Hungry                                                     Take a nap, or go to bed earlier.

Sad                                                           Take some time to settle the chaos in your life.

Energetic                                                 Go have some fun.  Play. Exercise. Smile.

Anxious                                                    Eat some food.


Did you draw your lines?  Now, take a minute and think. What if you drew a line from Tired, to Eat some food.  Would you have gotten that answer right? NO! Of course not! So, WHY do we use food as an answer for just about anything? Food is not the answer for boredom. Food is not the answer for depression, anger, happiness, or any other emotion.  DIETS, PILLS, or PROGRAMS are NOT THE ANSWER TO YOUR WEIGHT PROBLEM!  YOU ARE! Over eating or staying within certain portions or calories will not fulfill the purpose of food! If you are hungry, eat until the hunger is satisfied.  Nothing more, nothing less. The trick is to KNOW when that satisfaction has come. That takes practice.  

1. Stop MULTIPLE times throughout a meal and ask yourself..REALLY ask yourself if you are satisfied. Then, take time to listen.  I'm not talking about being FULL. I'm talking about satisfied. Try this and you will know the difference.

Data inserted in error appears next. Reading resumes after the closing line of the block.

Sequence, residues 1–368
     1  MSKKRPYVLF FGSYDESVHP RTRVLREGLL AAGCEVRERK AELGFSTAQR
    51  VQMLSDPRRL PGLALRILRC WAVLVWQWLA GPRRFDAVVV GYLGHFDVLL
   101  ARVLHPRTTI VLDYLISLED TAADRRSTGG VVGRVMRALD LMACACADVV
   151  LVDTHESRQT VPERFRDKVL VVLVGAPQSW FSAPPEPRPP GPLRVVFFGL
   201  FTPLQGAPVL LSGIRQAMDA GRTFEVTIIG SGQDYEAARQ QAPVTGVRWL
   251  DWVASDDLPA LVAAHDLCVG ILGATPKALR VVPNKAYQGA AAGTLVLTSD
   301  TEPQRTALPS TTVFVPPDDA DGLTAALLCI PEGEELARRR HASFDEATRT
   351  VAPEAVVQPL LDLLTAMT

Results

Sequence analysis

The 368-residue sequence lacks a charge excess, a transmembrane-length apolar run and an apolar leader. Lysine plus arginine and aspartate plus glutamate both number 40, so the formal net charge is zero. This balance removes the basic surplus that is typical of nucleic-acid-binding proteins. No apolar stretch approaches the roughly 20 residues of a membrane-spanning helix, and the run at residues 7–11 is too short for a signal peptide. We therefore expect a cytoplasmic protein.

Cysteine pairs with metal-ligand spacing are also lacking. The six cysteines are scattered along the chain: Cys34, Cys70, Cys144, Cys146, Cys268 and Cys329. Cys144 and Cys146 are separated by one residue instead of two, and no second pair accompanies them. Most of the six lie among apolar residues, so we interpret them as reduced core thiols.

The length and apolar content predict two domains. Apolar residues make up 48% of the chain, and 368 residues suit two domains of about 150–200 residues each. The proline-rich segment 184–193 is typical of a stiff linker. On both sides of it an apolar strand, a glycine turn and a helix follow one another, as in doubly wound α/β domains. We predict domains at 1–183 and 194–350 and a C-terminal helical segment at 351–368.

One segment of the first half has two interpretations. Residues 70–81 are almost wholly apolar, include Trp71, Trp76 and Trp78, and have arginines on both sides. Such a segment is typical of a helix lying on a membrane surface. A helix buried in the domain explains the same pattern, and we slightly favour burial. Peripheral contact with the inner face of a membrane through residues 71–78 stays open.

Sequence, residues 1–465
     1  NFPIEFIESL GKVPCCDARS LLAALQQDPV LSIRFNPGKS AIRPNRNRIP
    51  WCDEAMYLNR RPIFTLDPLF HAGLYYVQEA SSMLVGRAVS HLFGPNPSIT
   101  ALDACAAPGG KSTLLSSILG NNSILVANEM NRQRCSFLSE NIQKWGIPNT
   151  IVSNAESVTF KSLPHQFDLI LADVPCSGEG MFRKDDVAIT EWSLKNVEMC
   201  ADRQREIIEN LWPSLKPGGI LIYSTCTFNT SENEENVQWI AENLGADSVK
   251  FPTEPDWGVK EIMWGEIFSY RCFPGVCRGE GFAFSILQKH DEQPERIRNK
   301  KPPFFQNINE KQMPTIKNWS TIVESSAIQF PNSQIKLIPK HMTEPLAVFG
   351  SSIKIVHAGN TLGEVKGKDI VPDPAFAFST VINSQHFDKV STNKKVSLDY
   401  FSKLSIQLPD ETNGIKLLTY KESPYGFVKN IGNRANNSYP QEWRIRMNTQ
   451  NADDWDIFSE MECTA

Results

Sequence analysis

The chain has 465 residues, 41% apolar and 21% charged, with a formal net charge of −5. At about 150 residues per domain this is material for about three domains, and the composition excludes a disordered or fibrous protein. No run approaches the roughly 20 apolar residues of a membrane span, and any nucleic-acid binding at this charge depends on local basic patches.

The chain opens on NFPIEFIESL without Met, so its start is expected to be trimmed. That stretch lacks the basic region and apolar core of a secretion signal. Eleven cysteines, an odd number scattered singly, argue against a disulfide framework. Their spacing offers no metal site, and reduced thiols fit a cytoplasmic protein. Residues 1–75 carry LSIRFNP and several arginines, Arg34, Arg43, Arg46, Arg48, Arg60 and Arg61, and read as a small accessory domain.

2. Look for signs such as sighing, slouching over the table, or slowing down as you eat.

3. You can start by using the correct portion sizes, and then go from there, testing your satisfaction along the way.

4. MOST IMPORTANT- Eat what your body needed to eat in the first place!  You will NEVER be satisfied eating something else INSTEAD of what you really FELT like eating.  Listen to your body.  This sounds dangerous. But I guarantee, you will be surprised.  If you want a cheeseburger, eat it.  But JUST that.  AND, check yourself for satisfaction.  

5. It helps to know WHAT you want in a certain food. Do you want the fettuccine noodles or the sauce? Would it work to use zucchini instead of noodles and just eat a bowl of it with a little sauce on it? I don't know why we think that we have to have it all or nothing at all.  Where did that come from?  WHY must we do the cheeseburger, fries and a shake, and a coke, when what we REALLY wanted was the gooey, grilled, cheeseburger?  And, for heavens sake, if you are going to go for something like that, at least get QUALITY from it!  But, I digress.  Soon, I think you will find that you don't really want a whole cheeseburger, but perhaps a few bites of it.  After that, you will realize that you don't want THAT, but instead you just wanted the meat or protein from it.  You will find that grilling up a beef patty with cheese will really satisfy you as much as the cheese burger would have. Then, you save the calories from the bun, mayo, and such, and your body gets what it really wants. 

6. Eat With Others!  You eat less when you talk more!

7. Try new foods!  It's exciting!  Live a little. 

8. SLOW DOWN! Enjoy the food! Take time to TASTE it! It is OH SO DELICIOUS!

9. Breathe.  Use your senses.  Smell the food. Look at how pretty it is.  Enjoy the atmosphere.